Opinion

Opinion: How dangerous is misinformation?

I was sitting on the kitchen counter, scrolling through interesting news articles on my iPhone. My mom walked in and put down our week’s worth of mail on the counter. I looked up and began to sort through the mail. One of the items was a newspaper written in Chinese.  At first, I assumed it…
<a href="https://highschool.latimes.com/author/alliewang2/" target="_self">Allie Wang</a>

Allie Wang

October 16, 2021

I was sitting on the kitchen counter, scrolling through interesting news articles on my iPhone. My mom walked in and put down our week’s worth of mail on the counter. I looked up and began to sort through the mail. One of the items was a newspaper written in Chinese. 

At first, I assumed it was my grandfather’s newspaper; however, as I took a closer look, it wasn’t the same company. It was in Chinese, but it was from a newspaper called The Epoch Times. Flipping through the pages, I quickly scanned some articles about COVID-19, the upcoming election and China. I soon realized that glancing at the dramatic headlines was enough to make me slam the newspaper shut. 

“Why would anyone believe this nonsense?” I exclaimed to myself. 

The truth is that 80% of consumers in the United States have reported seeing fake news related to the COVID-19 outbreak, according to Statista.

According to NewsGuard, unreliable news sources more than doubled their share of engagement in 2020 alone.

What caused this?

The year 2020, especially the COVID-19 pandemic, faced extensive media coverage during this modern age of technology. With medical literature and news sources being easily accessed through social media, people were given information regarding the disease on a daily basis. Even on Instagram, I was able to access The New York Times, Reuters and even The Babylon Bee. 

While I was able to learn a lot about COVID-19 through news sites on social media and the CDC, I also encountered misinformation, which can also easily spread on social media platforms. Unlike disinformation, which is used to purposely deceive others, misinformation may not be intended to deceive, although it is still misleading and false information.

“Misinformation is one of the most serious threats to public health, and it is most damaging when it fuels vaccine hesitancy,” Pan American Health Organization Director Carissa F. Etienne said in April, according to the PAHO website.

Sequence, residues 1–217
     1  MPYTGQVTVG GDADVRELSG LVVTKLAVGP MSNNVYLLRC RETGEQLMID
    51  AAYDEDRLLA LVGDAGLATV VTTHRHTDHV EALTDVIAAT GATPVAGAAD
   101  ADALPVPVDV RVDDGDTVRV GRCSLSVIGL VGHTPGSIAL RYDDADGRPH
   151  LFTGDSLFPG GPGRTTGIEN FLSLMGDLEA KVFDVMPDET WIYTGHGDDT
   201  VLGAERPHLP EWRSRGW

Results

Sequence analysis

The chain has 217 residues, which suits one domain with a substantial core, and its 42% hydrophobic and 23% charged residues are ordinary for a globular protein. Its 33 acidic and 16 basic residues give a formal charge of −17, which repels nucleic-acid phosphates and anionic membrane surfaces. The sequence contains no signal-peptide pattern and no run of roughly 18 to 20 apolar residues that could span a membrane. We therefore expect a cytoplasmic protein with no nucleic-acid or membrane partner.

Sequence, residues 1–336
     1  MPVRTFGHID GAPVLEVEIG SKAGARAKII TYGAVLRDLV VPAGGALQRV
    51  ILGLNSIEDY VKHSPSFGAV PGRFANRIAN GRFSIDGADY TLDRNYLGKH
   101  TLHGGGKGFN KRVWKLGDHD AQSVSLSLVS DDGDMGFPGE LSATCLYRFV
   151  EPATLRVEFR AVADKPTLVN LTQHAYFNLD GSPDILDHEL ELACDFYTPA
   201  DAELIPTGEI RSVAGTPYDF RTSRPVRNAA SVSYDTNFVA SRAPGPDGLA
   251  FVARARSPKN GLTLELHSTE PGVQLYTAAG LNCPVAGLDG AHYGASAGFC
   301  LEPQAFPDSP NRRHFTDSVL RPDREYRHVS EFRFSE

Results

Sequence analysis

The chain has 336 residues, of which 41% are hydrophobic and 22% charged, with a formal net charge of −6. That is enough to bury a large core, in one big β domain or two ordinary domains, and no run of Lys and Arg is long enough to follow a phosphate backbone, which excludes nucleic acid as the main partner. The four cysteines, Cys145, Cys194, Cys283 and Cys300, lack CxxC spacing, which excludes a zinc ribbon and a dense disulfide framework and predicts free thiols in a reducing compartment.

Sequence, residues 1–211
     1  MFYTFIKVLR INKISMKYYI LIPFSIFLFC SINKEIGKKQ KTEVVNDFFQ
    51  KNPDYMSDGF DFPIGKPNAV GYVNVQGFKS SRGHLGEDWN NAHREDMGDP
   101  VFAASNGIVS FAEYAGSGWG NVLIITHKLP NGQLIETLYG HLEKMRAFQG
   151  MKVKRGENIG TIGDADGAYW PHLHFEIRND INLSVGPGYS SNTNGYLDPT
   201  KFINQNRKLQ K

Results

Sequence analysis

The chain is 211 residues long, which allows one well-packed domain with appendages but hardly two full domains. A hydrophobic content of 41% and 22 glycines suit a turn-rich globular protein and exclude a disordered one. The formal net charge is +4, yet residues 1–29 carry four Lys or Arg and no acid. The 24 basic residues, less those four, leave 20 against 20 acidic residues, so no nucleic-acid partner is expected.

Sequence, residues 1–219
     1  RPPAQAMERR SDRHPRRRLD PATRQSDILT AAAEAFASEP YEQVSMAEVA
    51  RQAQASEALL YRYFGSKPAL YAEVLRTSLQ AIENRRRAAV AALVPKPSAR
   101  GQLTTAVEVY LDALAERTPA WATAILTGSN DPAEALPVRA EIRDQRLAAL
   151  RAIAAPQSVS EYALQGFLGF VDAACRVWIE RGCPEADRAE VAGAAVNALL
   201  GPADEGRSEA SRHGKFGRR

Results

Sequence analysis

Researchers from Stanford evaluated the spread of misinformation on social media by using a model that evaluated how susceptible individuals can be to misinformation spreading it to others. The researchers concluded that messages can spread faster if targeted at small numbers of influential people with large followings.

People who are the most susceptible to misinformation are those active on social media, the elderly, the youth and those with fewer years of formal education.

According to the Pew Research Center, 62% of Americans receive their news from social media. Individuals at political extremes are most likely to believe information that aligns with their personal biases. 

A recent study from the Annenberg Public Policy Center of the University of Pennsylvania found that a growing number of Americans are believing conspiracy theories related to the vaccine. Those who are frequently exposed to the theories are more likely to harden their existing political beliefs.

“When you begin to reduce trust in experts and agencies telling you that vaccines are safe, you’re creating all kinds of susceptibilities that can be exploited for partisan gain,” Kathleen Hall Jamieson, director of the Annenberg Public Policy Center told Axios.

While companies such as Facebook have been under fire for being passive platforms for vaccine misinformation, local print, broadcast and radio outlets can also have an impact. A 2019 Knight-Gallup study found that 45% of Americans trust reporting from the local news “a great deal” or “quite a lot,” compared with 31% for national news.

“People think they are trusting their local news, something reliable and familiar, when in fact they are trusting misinformation,” Rachel Moran, a fellow at the Center for an Informed Public at the University of Washington, said. “It is a huge problem and growing.”

False information can stir mistrust among the American public, fueling political conflict. During the 2020 election, there were false claims claiming that mail ballots would cause massive election fraud. After the election, former President Donald Trump declared that the election was stolen from him, there was massive fraud and the victory of Joe Biden was illegitimate. 

This ultimately led to the 2021 insurrection at the United States Capitol, where five people were killed and many others, including law enforcement, were injured. In addition to supporters of the former president, far-right groups such as QAnon and Proud Boys took part in the violence.Yet, in the aftermath, many supporters spread theories that the violence was staged, or was committed by other groups such as Black Lives Matter and Antifa. 

Misinformation plays a big role in the polarization of our country when each side has their own version of the facts. Left unchecked, misinformation will continue to spread doubt and affect views of elections in the future.

However, there is a way to combat misinformation. Understanding the difference between biased reporting and fake reporting can help. Labeling misinformation can benefit the people reading as well. With the rise of technology, it is important to remember to stay vigilant and educated, especially on social media. 

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